"Boat trip on Canal St. Martin." Paris Travelogue by pfsmalo
Paris Travel Guide: 22,167 reviews and 53,887 photos
Even after having lived here and visited frequently over the years, and even walked many kilometres along its banks I had never done the boat trip from the Villette basin down to Bastille/Arsenal. The trip starts in the Villette basin just 200 metres from La Rotonde. This is one of the last gates where people had to pay a levy on merchandise they were bringing in to the city. Built in the years just before the Revolution it was an essential and imposing part of the "Fermier Generaux" wall. Strangely enough 3 years after the inception it became unused as the levies were abolished in 1791. It escaped being demolished in 1860 when the Baron Haussmann was up to his dirty deeds and most of the smaller villes were incorporated into Paris and the wall was knocked down. It has now been turned into a bar/brasserie with concerts during the summer that brings back a bit of gaiety to an area that really needs it.
From the quayside the boat moves off in a n-e direction to take in the recently renovated wharehouses and the old Crimée bridge. This bridge dating from 1885 is a direct lift bridge as opposed to the swing type or cantilever bridges that are used elsewhere.
This is the last one of its type in Paris and marks the entry into the Canal de l'Ourcq. This part of the canal was originally destined in 1802 to bring much needed water into Paris from the rivers Ourcq and Beuvronne, then through the Canal St. Martin. The beginnings were financed by a tax on alcohools (already!!!) and work began. The first fountain to use this water was the "Fontaine des Innocents" today by the Halles shopping mall in 1809, although not through the Canal St. Martin as of yet. Having decided to make the canals wider to accept navigation, the first boat down the Canal de l'Ourcq made its trip in 1813. After the fall of the Empire in 1815 it was noticed that the fall of the canals was too much and the idea of using Da Vinci's brainwave of using locks became necessary. Four double-locks were installed to defeat the 26 metres drop. Navigation was finally opened all the way down to the water gates at the Arsenal in 1825.
Since 30 odd years this whole area, once one of the most sordid in all Paris has been renovated and rehabilitate, perhaps to the detriment of one of the last pockets of real Parisians, but it has created a "green" valley where now one can cycle or walk with pleasure.
Situated in the northern part of the canal is the "Cité des Sciences et de l'Industrie" including the Geode which is easily seen from the canal. Inaugurated by President Mitterand in 1986 it is one of the most interesting museums in Paris.( Metros Porte de la Villette and Porte de Pantin are the closest).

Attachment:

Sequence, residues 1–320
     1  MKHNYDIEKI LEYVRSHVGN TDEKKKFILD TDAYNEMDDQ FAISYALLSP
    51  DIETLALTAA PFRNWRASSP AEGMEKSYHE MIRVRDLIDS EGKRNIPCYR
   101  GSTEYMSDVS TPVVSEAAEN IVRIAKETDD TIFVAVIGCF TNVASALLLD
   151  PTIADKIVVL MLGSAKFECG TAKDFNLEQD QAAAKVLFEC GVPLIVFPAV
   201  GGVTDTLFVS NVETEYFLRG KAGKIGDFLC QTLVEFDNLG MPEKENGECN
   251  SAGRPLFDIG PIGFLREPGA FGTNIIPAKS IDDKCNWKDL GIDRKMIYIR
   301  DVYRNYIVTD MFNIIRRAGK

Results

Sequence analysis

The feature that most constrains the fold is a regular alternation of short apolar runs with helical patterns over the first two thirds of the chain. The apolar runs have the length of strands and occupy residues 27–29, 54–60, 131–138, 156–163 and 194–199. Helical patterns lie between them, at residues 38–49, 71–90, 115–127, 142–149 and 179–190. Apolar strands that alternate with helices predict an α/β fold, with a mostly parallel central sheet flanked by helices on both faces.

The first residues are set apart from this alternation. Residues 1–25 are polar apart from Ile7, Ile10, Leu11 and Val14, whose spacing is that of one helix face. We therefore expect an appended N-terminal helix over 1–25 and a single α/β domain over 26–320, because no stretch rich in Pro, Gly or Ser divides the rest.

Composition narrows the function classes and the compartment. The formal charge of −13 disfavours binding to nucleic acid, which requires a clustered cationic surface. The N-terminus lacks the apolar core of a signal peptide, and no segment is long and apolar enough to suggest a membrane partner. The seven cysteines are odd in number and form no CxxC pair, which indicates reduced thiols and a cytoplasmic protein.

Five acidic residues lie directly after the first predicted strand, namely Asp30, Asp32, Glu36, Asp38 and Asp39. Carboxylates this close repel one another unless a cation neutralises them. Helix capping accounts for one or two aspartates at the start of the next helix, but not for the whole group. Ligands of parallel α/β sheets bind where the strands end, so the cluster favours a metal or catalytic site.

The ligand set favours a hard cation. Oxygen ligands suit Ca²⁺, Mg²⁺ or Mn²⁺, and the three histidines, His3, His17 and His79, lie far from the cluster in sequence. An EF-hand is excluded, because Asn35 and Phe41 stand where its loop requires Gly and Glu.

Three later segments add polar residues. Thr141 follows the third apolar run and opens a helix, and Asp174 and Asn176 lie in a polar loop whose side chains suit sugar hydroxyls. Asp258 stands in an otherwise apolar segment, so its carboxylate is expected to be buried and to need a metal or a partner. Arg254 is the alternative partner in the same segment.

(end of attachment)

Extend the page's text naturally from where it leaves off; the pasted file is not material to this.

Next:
After turning round in front of the peripherique ring road and the old Pantin flour mills we make our way back down the canal past the Crimée bridge and the renovated wharehouses. These were burnt down during the "Commune of 1871" and only recently lifted to the standard of the rest of the area. Back past the starting point and the Rotonde, the boat enters into the first of the four four double locks, the Jaurès lockand make our way into the Canal St. Martin. This part of the canal actually runs on a platform or bridge supported by 600 pillars as the ground underneath was deemed unfit to pour the cement directly onto it . So theoretically you can actually walk beneath the canal....Then in a very short while the boat moves on to the Death lock. So-called because under here a merovingian cemetery was discovered furing the digging of the canal and also not far from here could be seen the infamous Manfaucon gibbet opposite the St. Louis hospital.
The boat now moves on to the most wellknown part of the canal, through the bend and after a glimpse at the St. Louis hospital and of course the "Hotel du Nord" we are into the third lock, the one that is world famous after featuring in the Marcel Carné film " Hotel du Nord" with Arletty and Louis Jouvet, called the "Ecluse des Ricollets" after the convent of the same name close by. The hotel itself was almost demolished for renovation, but after much action and anger from residents, the facade was made a historic monument and the renovation only went on behind the front wall. Many scenes of the film show the canal, the bridge and the lock itself but most of the real shooting with the stars was done in the studio with the bridge being re-created there. This is also where Arletty created her famous phrase "Atmosphere, atmosphere, es-ce que j'ai une gueule d'atmosphere, moi ?"
After passing through the Temple double lock we arrive at an interesting and eerie part of the cruise. This is where the canal goes underground for over a kilometre, but no worries for claustrophobics, there is plenty of light provided by air and light vents. There are some bats though and a couple of ceiling beams are very low. If you're not dressed for Arctic weather it would be recommended to go downstairs, even for better photo ops. Baron Haussmann was responsible for covering the major part of the canal and was lengthened further in 1906. The oldest part is as you pass beneath the July column on the place de la Bastille, constructed in 1835.
On the photo below I have zoomed during the taking to get the weird effect and the prism in the water.
Back into the sunlight again on the short stretch of water between the Bastille and the Seine where there are now some 230 boats. The waterway here was part of the Bastille moat and as such I was told that part of the wall over on the Arsenal side (west) is from the Bastille itself. So that is the end of a very enjoyable 2 1/2 hours on the water.
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